So it appears that our organic population growth here in the U.S. is insufficient to support our country’s longer-term goals for job creation, economic growth and productivity gains. Unless we accelerate our levels of fertility, we cannot close the doors to safe immigration without impairing economic growth.

Skilled worker deficit There are currently some 500,000 high-paying, high-skilled technology and computer-science jobs that are unfilled in the U.S., because we don’t have enough qualified workers, according to oft-cited studies, such as that by GoDaddy, Inc.

At the same time, an estimated three-quarters of the candidates who attend master's- and Ph.D.-level programs at U.S. universities in STEM subjects (science, technology, engineering and math) are foreigners, with a combined 47% of them from China and India, according to the Institute of International Education. Yet, many leave after completing their higher education here to return home. A more productive approach, in our view, would be to staple a green card to each of their diplomas, and beg them to stay here in the U.S. to fill one of those half-million open tech jobs, or perhaps start a new business venture, which could become the next Apple.

All told, the number of international students in the U.S. has grown 70% over the past 10 years, to more than 1 million students, or about 5% of total enrollment. This would serve as an excellent base to offset our own organic population-growth deficit, with a well-educated, high-quality and safe influx of foreigners.

Expand the H-1B visa program This program grants 65,000 visas for highly skilled foreign workers annually, and another 20,000 visas for people with advanced degrees, to fill jobs when qualified Americans can’t be found. On the surface, it would appear that we could safely increase the size of this program several fold as a temporary solution to fill the 500,000 tech jobs that are currently sitting vacant. Goldman Sachs estimates that some 13% of all tech jobs in the U.S. are now held by nearly one million of these foreign-born H-1B visa holders.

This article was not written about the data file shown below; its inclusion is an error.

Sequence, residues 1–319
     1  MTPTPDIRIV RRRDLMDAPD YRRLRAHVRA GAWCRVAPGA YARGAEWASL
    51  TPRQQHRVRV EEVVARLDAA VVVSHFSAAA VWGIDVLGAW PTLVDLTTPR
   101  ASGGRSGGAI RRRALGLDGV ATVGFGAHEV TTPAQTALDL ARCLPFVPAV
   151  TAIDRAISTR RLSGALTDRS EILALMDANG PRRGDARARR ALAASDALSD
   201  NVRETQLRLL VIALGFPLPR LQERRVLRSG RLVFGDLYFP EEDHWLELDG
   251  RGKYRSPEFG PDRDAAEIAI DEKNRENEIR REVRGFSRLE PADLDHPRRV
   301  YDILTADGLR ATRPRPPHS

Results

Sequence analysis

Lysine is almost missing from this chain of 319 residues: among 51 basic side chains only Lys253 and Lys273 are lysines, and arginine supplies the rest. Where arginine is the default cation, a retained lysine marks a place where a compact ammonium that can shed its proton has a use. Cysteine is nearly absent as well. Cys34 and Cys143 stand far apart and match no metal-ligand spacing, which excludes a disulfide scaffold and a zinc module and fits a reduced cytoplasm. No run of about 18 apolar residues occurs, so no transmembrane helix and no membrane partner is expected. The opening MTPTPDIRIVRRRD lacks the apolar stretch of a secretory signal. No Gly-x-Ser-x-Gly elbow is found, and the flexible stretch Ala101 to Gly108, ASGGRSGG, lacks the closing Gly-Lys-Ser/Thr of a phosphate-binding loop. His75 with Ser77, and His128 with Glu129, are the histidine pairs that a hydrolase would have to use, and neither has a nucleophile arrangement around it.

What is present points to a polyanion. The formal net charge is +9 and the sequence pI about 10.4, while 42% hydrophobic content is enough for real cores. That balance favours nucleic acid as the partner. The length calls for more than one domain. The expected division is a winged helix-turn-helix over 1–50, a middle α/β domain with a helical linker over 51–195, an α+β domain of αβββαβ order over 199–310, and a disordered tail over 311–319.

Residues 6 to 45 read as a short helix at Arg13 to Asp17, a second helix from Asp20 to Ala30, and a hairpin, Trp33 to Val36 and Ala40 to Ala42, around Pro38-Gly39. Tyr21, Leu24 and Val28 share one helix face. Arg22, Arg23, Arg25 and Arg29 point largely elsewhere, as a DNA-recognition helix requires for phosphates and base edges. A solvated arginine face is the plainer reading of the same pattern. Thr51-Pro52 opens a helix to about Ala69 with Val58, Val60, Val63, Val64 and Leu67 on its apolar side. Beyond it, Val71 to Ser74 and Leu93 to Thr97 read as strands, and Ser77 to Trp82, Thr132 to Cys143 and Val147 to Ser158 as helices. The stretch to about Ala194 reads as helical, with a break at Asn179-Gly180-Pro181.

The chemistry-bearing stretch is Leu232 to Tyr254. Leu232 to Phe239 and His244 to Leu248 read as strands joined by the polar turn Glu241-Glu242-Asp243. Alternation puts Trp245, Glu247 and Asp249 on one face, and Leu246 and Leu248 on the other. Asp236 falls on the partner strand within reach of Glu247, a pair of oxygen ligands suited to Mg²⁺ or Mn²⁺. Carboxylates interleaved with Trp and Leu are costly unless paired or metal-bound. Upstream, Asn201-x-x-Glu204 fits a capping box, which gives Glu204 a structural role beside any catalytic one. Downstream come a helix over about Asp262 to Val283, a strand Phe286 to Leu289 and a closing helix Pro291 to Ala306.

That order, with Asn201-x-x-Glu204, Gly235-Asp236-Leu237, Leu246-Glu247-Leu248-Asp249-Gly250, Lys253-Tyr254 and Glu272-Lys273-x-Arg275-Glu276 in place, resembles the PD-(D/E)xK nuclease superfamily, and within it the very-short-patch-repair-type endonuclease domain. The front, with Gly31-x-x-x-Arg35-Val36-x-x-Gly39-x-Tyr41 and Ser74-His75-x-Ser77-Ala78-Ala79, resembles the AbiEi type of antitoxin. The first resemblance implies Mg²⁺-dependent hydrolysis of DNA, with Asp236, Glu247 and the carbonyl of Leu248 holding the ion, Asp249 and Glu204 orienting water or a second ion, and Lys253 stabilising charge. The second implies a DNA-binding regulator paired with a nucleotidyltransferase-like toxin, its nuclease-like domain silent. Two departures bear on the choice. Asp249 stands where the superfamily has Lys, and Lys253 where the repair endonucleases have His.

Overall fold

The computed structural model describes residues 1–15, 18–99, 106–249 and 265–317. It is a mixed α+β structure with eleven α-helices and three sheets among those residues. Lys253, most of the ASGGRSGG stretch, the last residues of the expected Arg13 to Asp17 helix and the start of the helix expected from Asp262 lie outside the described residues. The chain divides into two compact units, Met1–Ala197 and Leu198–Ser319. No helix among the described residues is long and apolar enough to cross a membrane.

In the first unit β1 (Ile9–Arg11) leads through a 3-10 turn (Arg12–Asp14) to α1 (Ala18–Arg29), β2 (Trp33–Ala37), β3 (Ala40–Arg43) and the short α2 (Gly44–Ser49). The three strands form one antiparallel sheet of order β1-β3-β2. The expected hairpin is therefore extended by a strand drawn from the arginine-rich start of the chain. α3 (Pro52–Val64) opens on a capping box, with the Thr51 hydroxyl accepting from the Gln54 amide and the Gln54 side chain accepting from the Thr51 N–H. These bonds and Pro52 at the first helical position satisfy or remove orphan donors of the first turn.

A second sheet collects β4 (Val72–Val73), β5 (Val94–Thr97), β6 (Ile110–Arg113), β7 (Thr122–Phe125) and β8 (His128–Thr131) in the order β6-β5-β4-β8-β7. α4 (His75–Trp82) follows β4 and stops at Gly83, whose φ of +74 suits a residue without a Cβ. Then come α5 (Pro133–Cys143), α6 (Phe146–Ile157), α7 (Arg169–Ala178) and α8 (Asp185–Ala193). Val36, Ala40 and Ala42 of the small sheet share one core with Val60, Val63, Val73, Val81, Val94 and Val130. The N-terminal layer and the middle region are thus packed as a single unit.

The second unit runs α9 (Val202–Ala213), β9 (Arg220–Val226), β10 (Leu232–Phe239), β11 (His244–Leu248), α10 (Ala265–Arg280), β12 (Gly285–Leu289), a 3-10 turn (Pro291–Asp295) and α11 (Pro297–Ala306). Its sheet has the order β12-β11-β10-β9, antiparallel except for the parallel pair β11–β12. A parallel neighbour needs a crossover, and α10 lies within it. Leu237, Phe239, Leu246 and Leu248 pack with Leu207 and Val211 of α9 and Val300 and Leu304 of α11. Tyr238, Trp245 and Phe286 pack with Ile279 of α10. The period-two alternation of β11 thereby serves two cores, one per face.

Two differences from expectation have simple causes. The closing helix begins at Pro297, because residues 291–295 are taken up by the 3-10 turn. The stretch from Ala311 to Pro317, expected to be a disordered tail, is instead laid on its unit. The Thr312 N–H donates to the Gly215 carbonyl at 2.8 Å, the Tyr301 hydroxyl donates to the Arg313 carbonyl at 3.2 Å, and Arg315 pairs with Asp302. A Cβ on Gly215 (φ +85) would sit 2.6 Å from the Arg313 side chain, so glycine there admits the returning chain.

Critics of this program warn of abuses, however, such as technology outplacement firms based in India who recruit and place job candidates in U.S. tech companies for much lower salaries than an American-born candidate might command on the open market. A simple fix to this problem would be to raise the mandatory minimum salary for these foreign-born H-1B visa candidates from $60,000 per year currently to perhaps $120,000 or more. That higher prospective salary might unearth some qualified, American-born candidates to fill those jobs.

Education remains an important key Better education and vocational training here, of course, are important longer-term solutions to engage the unemployed and the underemployed by helping to provide them with more marketable job skills. While the unemployment rate (U-3) is sitting at a relatively low, full-employment level of 4.8% in January, the labor-impairment rate (U-6) is at an elevated 9.4% and the participation rate at 62.9% remains marginally above a 38-year cycle low. So there are millions of Americans who could benefit from better training.

Low-skilled employees play an important role, too There are an estimated 11.1 million undocumented illegal immigrants in the U.S., with some 8 million of them gainfully employed in the labor force, working difficult jobs that many Americans don’t want, such as hospitality (restaurants and hotels), companion care (children and elderly), agriculture and home maintenance (cleaning, lawn care and construction). Many of these good people work hard, save their money and send it home to help support their families in their home countries, with some hoping to emigrate someday to the U.S.

More than 750,000 of these undocumented immigrants have been granted deportation protection by the federal government, under a program known as the Deferred Action for Childhood Arrivals (DACA). But that still leaves a small percentage who are not employed and who pose a threat to national security or who have criminal histories. This is the pool of candidates which appears to be at risk for deportation.